By Simone A.M. Lemmers, Mass General Hospital and Harvard Medical School, Boston, USA
Palaeohistology – what the micro building blocks of our skeleton can reveal about ourselves
As a Biological Anthropologist, I use human hard tissue to investigate the past, with connections and implications for the present. I am particularly fascinated by the field of ‘Palaeo-histology’. Histology is the study of tissues, but palaeo-histology specifically focuses on the tissues that stayed preserved over long periods of time, mostly (but not limited to) the skeleton. Our bones and teeth have a beautiful way of growing, developing, and maintaining their structure. Within their microstructure, they lock a wealth of information on how people lived, what they ate, if they migrated, if and what kind of health issues they might have had, and how their bodies responded to this. Furthermore, the way we retrieve the material can give us clues on how people treated the remains, giving us insight into cultural norms and practices of the past, and can help us in forensic research. That is why for my research I have dived into the microscopic building blocks of our tissues to understand who we are, where we came from, and where we are going.
A particular topic I have been exploring is how the microstructure of teeth can record when an individual experiences a ‘stressful’ event. Humans have two sets of dentitions: our milk teeth are formed largely before we are born and in the first months following birth, while our adult dentition initiates just before birth and continues to form over many years. The reliable timing of tooth formation and eruption can therefore be used to estimate age up to early adulthood. During the time your teeth develop, every day a thin layer of dental tissue is formed, which is visible under a microscope (Figure 1) as beautiful incremental layers. The way teeth are formed and record stressful events can be compared to the formation of year rings in trees: just like trees are known to record certain events and environmental changes, teeth also have the ability to capture traces of ‘stressful’ events such as a period of malnutrition, illness, or psychosocial stress. Those lines are called ‘stress lines’ and can be visualised using light microscopy. As part of my PhD research, I tested the hypothesis that events related to life history, such as birth, weaning, and stages of maturation can leave traces in teeth. This is extremely useful as it allows us to reconstruct when in the human lineage the modern human ‘life history’ package arose. I also applied this method of dental histology to my postdoc at the Cyprus Institute to examine prehistoric remains from multiple places, including South West Asia and Cyprus.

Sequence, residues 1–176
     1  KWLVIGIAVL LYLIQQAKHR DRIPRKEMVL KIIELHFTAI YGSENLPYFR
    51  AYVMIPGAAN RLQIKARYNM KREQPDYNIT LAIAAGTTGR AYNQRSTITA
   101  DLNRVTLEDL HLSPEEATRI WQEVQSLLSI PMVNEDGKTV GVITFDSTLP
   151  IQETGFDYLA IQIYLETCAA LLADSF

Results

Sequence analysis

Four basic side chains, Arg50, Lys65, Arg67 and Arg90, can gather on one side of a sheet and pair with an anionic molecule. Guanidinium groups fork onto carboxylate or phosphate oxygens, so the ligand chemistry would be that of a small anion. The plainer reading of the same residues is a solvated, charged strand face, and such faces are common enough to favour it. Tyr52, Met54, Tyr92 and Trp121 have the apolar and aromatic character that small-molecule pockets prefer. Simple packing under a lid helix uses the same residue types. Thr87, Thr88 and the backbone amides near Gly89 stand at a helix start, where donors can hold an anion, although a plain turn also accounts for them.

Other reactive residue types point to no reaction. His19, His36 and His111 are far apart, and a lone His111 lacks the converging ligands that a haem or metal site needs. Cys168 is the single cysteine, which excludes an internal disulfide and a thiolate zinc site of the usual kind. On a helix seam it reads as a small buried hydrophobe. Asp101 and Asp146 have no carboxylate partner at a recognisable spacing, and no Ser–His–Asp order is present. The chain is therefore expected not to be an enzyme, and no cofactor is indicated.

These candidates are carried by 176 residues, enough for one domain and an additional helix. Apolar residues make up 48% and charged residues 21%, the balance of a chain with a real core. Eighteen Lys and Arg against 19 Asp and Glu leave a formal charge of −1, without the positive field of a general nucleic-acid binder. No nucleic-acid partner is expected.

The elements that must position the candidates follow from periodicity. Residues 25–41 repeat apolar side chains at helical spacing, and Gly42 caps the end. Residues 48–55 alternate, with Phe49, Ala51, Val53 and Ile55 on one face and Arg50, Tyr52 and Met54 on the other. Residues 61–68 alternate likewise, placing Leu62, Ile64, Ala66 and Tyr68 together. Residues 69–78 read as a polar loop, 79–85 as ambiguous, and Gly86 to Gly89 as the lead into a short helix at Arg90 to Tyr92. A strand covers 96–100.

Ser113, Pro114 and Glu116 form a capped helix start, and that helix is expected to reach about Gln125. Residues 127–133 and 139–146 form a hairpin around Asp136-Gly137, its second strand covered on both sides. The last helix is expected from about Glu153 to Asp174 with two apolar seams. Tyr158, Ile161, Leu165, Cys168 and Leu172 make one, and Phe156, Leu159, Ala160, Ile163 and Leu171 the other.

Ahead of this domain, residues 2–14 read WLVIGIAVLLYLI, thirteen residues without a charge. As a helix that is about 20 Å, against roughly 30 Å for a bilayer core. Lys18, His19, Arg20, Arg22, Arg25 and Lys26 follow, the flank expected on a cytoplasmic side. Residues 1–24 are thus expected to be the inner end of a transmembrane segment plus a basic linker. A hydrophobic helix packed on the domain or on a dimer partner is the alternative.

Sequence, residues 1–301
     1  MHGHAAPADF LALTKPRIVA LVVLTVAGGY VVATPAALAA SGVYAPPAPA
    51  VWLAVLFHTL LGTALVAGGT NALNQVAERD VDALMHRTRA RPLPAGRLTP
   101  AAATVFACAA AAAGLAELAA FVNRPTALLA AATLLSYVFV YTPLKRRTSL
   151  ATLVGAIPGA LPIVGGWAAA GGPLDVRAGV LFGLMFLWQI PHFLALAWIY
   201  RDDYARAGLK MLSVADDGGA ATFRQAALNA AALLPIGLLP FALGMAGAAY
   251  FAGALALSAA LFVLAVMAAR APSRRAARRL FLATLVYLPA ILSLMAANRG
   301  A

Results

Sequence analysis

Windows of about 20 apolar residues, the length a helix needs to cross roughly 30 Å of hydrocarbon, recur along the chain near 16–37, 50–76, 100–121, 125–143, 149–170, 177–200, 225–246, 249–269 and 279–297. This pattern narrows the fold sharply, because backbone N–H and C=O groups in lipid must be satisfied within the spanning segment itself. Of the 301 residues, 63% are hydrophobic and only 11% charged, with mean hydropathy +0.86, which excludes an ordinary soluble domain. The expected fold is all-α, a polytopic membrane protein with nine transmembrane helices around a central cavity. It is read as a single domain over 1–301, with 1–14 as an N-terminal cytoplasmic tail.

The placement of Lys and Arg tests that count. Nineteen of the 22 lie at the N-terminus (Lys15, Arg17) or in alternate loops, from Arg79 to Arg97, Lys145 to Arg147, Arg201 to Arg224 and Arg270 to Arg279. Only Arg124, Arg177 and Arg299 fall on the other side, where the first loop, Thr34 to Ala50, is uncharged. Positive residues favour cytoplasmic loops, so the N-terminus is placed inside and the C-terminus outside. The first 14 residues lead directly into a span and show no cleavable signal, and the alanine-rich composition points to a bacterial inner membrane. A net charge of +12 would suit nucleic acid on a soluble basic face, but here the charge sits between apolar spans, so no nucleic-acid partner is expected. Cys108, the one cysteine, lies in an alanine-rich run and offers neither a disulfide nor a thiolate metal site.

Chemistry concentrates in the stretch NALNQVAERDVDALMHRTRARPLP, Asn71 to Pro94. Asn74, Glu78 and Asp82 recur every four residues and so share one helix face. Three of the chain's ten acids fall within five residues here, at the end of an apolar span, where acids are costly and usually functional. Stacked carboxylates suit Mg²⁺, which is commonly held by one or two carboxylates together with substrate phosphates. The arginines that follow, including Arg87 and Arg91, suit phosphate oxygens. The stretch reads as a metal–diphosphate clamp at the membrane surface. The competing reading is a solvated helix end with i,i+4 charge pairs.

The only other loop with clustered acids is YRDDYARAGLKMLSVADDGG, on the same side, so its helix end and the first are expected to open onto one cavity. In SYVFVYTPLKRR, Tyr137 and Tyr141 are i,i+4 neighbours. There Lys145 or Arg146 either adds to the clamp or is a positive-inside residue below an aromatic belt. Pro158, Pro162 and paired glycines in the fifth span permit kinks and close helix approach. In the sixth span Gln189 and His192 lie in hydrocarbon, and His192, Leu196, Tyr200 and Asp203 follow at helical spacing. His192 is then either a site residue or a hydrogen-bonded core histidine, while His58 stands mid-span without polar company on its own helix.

When the past helps us to understand the present
With help of the CBRL, I moved to Cyprus to study ancient human remains of Cyprus and West Asia at the Cyprus Institute and stayed after the fellowship for my postdoctoral position. Aside from archaeology, I have always been interested in how we can use archaeological research not just to understand the past, but also to see what the results from these studies can teach us about the present.